Philosophy of Education

“Education breeds confidence. Confidence breeds hope. Hope breeds peace.” – Confucius 

 

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I believe in social justice and empathy having a strong presence in the classroom.  Throughout my career as both a student and a professional, I have been continuously drawn to people who strive to seek perspectives other than their own in order to garner deeper understandings of others’ point of view and value all that equality has to offer.  By embracing and exploring social justice and equality in the classroom, students are provided a safe space where they can explore these topics that are often thought of as sensitive and confusing.  Through the development of these topics, students can be better prepared to enter the  real world and interact with other individuals in more understanding and compassionate ways.

I believe in a creative curriculum that incorporates different types of learning and is scaffolded to all students’ needs and abilities.  Schools should be havens where students look forward to going everyday, where learning is a coveted experience and knows no boundaries.  I believe that a creative curriculum that engages students in hand-on learning through all of the senses provides moments of understanding for all.  By incorporating creative curriculum, learning no longer needs to resemble what Paulo Freire calls “the banking method,” but can be an enriching experience where students are active agents in their own learning.  Creative curriculum is also more flexible, allowing for more scaffolding for students who may need more assistance than others, whereas transactional curriculum views learning as one-size fits all.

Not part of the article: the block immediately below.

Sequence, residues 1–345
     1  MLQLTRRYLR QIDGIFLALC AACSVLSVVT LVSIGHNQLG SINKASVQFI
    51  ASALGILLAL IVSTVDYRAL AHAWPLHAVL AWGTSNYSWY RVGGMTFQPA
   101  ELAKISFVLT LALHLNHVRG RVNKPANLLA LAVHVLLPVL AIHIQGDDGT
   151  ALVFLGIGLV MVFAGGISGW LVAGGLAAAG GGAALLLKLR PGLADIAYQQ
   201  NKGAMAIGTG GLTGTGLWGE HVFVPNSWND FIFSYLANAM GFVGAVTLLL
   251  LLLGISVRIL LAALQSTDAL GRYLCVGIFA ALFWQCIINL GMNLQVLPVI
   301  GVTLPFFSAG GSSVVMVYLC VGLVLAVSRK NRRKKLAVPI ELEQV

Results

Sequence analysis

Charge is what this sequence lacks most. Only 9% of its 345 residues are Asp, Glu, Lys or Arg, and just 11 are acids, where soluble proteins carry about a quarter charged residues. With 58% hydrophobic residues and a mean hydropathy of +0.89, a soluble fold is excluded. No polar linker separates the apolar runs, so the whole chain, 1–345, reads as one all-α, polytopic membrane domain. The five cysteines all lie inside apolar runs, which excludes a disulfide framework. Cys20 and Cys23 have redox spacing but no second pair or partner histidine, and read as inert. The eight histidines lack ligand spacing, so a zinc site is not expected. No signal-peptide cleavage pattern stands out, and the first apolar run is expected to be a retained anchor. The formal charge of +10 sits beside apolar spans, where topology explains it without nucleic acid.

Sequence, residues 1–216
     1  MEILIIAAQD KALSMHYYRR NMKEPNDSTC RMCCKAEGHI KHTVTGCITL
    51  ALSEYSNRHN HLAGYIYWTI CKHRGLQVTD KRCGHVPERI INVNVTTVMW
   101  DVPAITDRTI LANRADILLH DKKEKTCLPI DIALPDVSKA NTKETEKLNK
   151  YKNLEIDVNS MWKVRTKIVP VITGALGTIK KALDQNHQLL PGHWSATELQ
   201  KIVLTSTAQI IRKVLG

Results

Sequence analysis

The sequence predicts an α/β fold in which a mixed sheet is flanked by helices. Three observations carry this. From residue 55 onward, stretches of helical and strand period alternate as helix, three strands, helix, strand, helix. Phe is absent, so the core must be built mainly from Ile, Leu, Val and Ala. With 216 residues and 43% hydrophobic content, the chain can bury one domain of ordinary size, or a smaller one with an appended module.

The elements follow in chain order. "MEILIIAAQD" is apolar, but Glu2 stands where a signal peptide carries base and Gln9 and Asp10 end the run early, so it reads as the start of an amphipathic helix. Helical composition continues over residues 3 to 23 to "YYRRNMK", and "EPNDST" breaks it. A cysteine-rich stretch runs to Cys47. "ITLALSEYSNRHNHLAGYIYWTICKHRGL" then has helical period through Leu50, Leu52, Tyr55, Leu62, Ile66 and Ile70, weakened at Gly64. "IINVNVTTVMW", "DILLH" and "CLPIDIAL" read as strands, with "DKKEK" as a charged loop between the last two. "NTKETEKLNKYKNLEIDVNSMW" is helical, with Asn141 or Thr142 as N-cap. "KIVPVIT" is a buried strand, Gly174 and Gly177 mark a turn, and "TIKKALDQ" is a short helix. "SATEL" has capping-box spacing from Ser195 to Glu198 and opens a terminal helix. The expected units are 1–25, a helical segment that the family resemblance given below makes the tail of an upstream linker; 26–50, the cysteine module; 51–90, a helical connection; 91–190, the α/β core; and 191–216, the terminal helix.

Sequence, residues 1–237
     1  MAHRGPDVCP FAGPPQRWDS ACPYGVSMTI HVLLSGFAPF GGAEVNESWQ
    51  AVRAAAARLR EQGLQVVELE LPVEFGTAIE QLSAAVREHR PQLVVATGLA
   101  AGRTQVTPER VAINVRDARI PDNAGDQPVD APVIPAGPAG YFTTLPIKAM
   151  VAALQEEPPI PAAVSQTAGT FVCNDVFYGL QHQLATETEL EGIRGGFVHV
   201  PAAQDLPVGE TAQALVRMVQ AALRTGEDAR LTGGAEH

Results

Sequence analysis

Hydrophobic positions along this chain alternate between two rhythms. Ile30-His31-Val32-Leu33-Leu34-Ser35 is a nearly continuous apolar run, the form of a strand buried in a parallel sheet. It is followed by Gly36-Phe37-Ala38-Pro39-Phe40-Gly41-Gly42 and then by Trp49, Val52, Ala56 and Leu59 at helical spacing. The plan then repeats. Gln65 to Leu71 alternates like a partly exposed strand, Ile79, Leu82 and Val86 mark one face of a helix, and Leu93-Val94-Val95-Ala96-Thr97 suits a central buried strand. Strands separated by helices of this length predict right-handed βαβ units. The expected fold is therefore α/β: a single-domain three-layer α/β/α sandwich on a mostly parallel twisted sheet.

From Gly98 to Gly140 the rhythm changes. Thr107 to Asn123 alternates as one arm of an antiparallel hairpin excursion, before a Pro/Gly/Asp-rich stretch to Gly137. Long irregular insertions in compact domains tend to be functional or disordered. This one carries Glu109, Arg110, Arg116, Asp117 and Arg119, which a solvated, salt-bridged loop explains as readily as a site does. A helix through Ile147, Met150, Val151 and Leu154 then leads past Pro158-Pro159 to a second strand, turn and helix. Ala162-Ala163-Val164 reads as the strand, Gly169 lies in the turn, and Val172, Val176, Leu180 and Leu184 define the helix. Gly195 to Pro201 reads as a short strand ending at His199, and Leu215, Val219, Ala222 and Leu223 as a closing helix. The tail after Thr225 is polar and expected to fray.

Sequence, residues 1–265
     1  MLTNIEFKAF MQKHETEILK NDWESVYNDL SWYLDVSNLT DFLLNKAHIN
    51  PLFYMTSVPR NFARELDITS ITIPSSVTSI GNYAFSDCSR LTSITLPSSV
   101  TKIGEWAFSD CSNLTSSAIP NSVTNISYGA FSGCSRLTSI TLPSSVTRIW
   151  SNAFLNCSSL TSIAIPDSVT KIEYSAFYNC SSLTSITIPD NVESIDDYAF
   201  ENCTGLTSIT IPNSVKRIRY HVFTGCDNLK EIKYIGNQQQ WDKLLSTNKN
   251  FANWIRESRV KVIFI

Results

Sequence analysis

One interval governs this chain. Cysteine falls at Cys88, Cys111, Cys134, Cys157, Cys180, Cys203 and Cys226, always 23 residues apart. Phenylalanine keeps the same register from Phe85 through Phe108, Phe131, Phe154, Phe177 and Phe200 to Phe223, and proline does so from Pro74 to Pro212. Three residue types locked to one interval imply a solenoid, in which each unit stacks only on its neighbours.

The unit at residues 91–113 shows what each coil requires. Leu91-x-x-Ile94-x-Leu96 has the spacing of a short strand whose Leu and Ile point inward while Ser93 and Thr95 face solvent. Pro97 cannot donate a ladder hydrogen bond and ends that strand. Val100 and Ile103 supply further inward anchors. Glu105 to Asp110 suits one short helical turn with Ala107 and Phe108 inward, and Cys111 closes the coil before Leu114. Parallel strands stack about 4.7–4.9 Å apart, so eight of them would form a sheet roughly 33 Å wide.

I believe that students have as much to offer in the classroom as the teacher.  Our students enter our classrooms everyday with their own unique experiences. To deny these experiences in our classrooms is to deny the child, which is ultimately a disservice to our students, our schools and ourselves.  By allowing students to share their experiences, their prior knowledge, and their understandings, we can actively embrace our students for who they are.  Through this embrace, we are providing ourselves and our entire class with other sources of information, creating room for deeper discussions and inquiry to take place.

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